NEW YORK - OCTOBER 07: A sign in a market window advertises the acceptance of food stamps on October 7, 2010 in New York City. New York Mayor Michael Bloomberg is proposing an initiative that would prohibit New York City's 1.7 million food stamp recipients from using the stamps, a subsidy for poor residents, to buy soda or other sugary drinks. Bloomberg has stressed that obesity among the poor has reached critical levels. (Photo by Spencer Platt/Getty Images)
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(CNN) —  

The Trump administration has taken a step toward changing the way the poverty threshold is calculated, a move that could strip many low-income Americans of their federal benefits.

The annual increase in the official poverty line, which determines who qualifies for food stamps, Medicaid and other assistance programs, is currently set using the consumer price index. The administration is considering switching to a different inflation measure that rises more slowly, a change that over time would make it harder to qualify for help.

The move is the latest in what liberals see as President Donald Trump and Republicans’ continued attacks on the poor. The administration is also pushing working requirements and other restrictions in safety net programs, which will lead to many losing their benefits.

The consumer price index is widely used and frequently criticized as inaccurate. The Office of Management and Budget said in a regulatory filing on Monday that it is soliciting comment to shift to the so-called “chained CPI,” which rises more slowly because it assumes consumers will switch to less expensive items when prices go up.

Chained CPI grows about a quarter of a percentage point less than the traditional inflation measure, on average, according to the Congressional Budget Office. The impact would be relatively small initially, but would likely affect millions of low-income Americans over time, said Arloc Sherman, senior director at the Center on Budget and Policy Priorities.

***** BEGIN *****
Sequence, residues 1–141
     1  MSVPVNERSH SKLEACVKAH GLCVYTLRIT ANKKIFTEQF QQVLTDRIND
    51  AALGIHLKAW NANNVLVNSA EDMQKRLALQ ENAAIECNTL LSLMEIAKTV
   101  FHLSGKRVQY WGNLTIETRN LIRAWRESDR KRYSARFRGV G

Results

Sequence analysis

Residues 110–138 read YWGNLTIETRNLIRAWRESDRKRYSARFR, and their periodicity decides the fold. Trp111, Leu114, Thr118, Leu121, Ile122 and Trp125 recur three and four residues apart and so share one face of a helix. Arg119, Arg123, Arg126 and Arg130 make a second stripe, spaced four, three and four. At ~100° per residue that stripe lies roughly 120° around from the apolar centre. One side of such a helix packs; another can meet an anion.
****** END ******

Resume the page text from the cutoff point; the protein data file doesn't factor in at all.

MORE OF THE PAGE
Had chained CPI been used over the past five years, the federal poverty level in 2018 would have been $12,113 for a single person, rather than the actual threshold of $12,140, according to Douglas Holtz-Eakin, president of the American Action Forum and former official in both Bush administrations.

Holtz-Eakin supports switching to chained CPI because it’s more accurate than the current index.

“If you are going to index government programs broadly to inflation, get the best inflation measure,” he said. “If it turns out that reveals the programs are not what you wanted, fix the programs.”

But advocates for the poor said that such a change would run counter to the Trump administration’s efforts to require more people to work for their benefits. The switch would most likely affect Americans who have jobs, but don’t earn a lot of money so they still qualify for assistance.

“The Trump administration is floating a proposal that would unilaterally strip working class people of Medicaid, nutrition assistance and other basic support by pretending that our definition of poverty is too generous,” said Melissa Boteach, vice president for income security, child care and early learning for the National Women’s Law Center.

Bloomberg first reported on the OMB regulatory filing.

Past attempts by the Bush and Obama administrations to introduce chained CPI in federal government programs prompted fierce backlashes, leading officials to back down. President Barack Obama dropped the idea after including it in his 2013 budget proposal, which would have reduced the annual growth of Social Security payouts.

However, Congress succeeded in shifting to chained CPI to adjust federal income tax brackets annually as part of the 2017 tax reform law.